The fact is that inferring to an intelligent cause based on known acting causes is new information, not ignorance, and it can specify new avenues of research
David Hume once said that the only rational basis for believing in a miracle is that all possible natural explanations are even more implausible. So, let's say we find new information in the genome. Well, we know quite well how new information in the genome can be produced entirely free of divine intervention. Since that's not a hurdle for evolution, perhaps that ID advocate means to say that a certain amount and/or a certain kind of information cannot be produced by evolution. But there's that problem of arbitrary criteria again – how do we determine what the exact amount of information is that requires intervention?

This could, like the previous conundrums, be solved with falsifiable predictions about when and where new information arises. But ID advocates don't make falsifiable predictions; they just look at information we already have, and try to poke a God-shaped hole in it.


Finally, Randal really dislikes ID being called what it is: creationism.
Finally, to say that ID is creationism is to evacuate the word "creationism" of meaning.
Pfft. Hardly. Creationism works by attempting to poke holes in the natural sciences instead of developing a competing, falsifiable theory. That's exactly what ID does.

Besides, denying that ID is creationism ignores a couple of really important points. The first is that of the 50 or so Disco-tute fellows, only nine of them have any training in biology. Most ID advocates are theologians and/or evangelical Christians. Sure, there are some exceptions, but so what? For an organization that is supposed to spearhead a huge upheaval in the biological sciences, the Discovery Institute has a conspicuous lack of biological scientists. Secondly, Randal's denial ignores the infamous Wedge Document, which laid out the evangelical aims of the Discovery Institute in sordid detail. That's not a creationist manifesto, I don't know what is.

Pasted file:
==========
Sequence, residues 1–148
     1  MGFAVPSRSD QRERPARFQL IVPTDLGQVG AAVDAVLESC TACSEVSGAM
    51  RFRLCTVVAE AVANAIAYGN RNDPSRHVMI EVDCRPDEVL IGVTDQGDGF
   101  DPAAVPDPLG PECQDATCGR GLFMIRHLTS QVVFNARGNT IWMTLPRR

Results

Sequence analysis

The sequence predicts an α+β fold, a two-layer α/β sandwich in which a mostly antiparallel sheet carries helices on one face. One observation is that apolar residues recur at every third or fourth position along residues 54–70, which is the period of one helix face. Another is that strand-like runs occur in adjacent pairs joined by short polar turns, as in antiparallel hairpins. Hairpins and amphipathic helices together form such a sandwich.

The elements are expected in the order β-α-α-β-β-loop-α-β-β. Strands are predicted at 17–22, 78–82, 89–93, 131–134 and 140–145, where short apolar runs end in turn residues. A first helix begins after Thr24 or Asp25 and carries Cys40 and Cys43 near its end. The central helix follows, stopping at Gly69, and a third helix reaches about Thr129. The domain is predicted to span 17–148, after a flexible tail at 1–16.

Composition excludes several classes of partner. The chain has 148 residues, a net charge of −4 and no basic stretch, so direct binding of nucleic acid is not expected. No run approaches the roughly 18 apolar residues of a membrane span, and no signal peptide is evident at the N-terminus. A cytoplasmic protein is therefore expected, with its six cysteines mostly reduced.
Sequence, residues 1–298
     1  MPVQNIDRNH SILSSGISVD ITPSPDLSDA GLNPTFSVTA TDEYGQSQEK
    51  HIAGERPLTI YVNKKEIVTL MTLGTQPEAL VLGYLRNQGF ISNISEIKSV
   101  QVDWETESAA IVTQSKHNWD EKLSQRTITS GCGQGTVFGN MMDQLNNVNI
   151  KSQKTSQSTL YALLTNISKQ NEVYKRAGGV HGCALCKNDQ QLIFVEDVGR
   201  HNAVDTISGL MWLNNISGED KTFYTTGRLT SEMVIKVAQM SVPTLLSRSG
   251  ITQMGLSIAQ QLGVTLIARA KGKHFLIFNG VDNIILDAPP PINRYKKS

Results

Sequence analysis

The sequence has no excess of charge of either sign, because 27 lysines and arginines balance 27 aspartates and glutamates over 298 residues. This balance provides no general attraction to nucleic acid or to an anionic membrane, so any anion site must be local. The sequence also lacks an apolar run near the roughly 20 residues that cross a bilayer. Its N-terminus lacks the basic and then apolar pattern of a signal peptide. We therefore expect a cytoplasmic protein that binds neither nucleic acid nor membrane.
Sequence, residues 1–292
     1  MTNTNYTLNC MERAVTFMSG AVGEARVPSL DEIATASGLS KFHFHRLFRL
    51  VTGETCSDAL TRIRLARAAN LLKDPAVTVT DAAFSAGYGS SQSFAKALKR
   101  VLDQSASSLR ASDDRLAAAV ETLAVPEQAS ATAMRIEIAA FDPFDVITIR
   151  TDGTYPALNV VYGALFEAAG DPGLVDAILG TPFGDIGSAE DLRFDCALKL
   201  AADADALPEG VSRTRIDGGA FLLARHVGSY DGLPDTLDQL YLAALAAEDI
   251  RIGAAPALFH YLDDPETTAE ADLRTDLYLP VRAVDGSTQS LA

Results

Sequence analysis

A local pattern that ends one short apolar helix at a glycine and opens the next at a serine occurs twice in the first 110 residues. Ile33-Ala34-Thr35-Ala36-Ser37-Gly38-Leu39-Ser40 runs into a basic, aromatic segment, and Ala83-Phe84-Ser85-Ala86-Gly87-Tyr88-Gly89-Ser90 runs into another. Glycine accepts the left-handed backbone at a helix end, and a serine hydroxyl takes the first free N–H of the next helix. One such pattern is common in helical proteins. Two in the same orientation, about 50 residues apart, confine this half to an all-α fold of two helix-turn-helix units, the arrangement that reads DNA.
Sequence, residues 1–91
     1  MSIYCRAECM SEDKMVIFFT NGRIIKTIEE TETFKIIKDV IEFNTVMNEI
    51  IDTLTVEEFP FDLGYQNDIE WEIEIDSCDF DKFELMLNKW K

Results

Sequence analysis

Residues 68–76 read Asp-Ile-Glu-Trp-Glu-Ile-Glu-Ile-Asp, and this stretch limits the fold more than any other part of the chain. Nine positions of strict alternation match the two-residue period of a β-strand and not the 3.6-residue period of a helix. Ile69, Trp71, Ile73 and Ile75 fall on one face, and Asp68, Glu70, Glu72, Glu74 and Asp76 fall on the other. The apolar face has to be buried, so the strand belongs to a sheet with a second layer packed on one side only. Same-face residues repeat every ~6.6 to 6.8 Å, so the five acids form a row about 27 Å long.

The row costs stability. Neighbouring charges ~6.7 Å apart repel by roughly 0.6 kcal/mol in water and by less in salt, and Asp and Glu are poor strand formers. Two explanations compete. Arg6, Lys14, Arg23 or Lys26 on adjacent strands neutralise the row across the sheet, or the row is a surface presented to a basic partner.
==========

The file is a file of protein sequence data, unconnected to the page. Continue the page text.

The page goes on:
I don't claim to understand why people of various theological positions land where they do. I don't know why Randal Rauser has more in common with Michael Behe than other Christians like Kenneth Miller or Francis Collins on this issue. I accept evolution because it is the unifying theory of all modern biology, is bolstered by over 150 years of empirical evidence, makes falsifiable predictions that have been verified time and time again, and produces real-world results that affect our lives. I accept it because it's what the overwhelming majority of the scientific community accepts. I suppose that's not good enough for Randal and his theology, but that would just make me wonder why his theology dictates that God didn't do a more thorough job designing the universe in the first place.